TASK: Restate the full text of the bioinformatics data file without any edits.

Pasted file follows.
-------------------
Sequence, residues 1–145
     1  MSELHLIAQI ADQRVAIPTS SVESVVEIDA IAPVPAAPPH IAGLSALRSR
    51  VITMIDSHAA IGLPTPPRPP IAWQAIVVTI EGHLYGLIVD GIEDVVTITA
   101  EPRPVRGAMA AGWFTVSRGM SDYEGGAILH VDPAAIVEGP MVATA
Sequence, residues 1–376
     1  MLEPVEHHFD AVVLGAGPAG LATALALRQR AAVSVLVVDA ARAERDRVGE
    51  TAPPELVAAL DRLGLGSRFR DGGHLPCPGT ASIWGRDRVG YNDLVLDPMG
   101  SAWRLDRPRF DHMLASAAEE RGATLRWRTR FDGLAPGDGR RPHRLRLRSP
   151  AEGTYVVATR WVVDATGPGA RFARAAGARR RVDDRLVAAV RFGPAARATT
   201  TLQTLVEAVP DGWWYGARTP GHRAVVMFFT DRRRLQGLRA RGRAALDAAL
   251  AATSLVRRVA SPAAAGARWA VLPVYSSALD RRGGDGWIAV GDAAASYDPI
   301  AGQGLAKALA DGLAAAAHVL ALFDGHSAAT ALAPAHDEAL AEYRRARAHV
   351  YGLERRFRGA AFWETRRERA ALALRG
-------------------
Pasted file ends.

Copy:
Sequence, residues 1–145
     1  MSELHLIAQI ADQRVAIPTS SVESVVEIDA IAPVPAAPPH IAGLSALRSR
    51  VITMIDSHAA IGLPTPPRPP IAWQAIVVTI EGHLYGLIVD GIEDVVTITA
   101  EPRPVRGAMA AGWFTVSRGM SDYEGGAILH VDPAAIVEGP MVATA
Sequence, residues 1–376
     1  MLEPVEHHFD AVVLGAGPAG LATALALRQR AAVSVLVVDA ARAERDRVGE
    51  TAPPELVAAL DRLGLGSRFR DGGHLPCPGT ASIWGRDRVG YNDLVLDPMG
   101  SAWRLDRPRF DHMLASAAEE RGATLRWRTR FDGLAPGDGR RPHRLRLRSP
   151  AEGTYVVATR WVVDATGPGA RFARAAGARR RVDDRLVAAV RFGPAARATT
   201  TLQTLVEAVP DGWWYGARTP GHRAVVMFFT DRRRLQGLRA RGRAALDAAL
   251  AATSLVRRVA SPAAAGARWA VLPVYSSALD RRGGDGWIAV GDAAASYDPI
   301  AGQGLAKALA DGLAAAAHVL ALFDGHSAAT ALAPAHDEAL AEYRRARAHV
   351  YGLERRFRGA AFWETRRERA ALALRG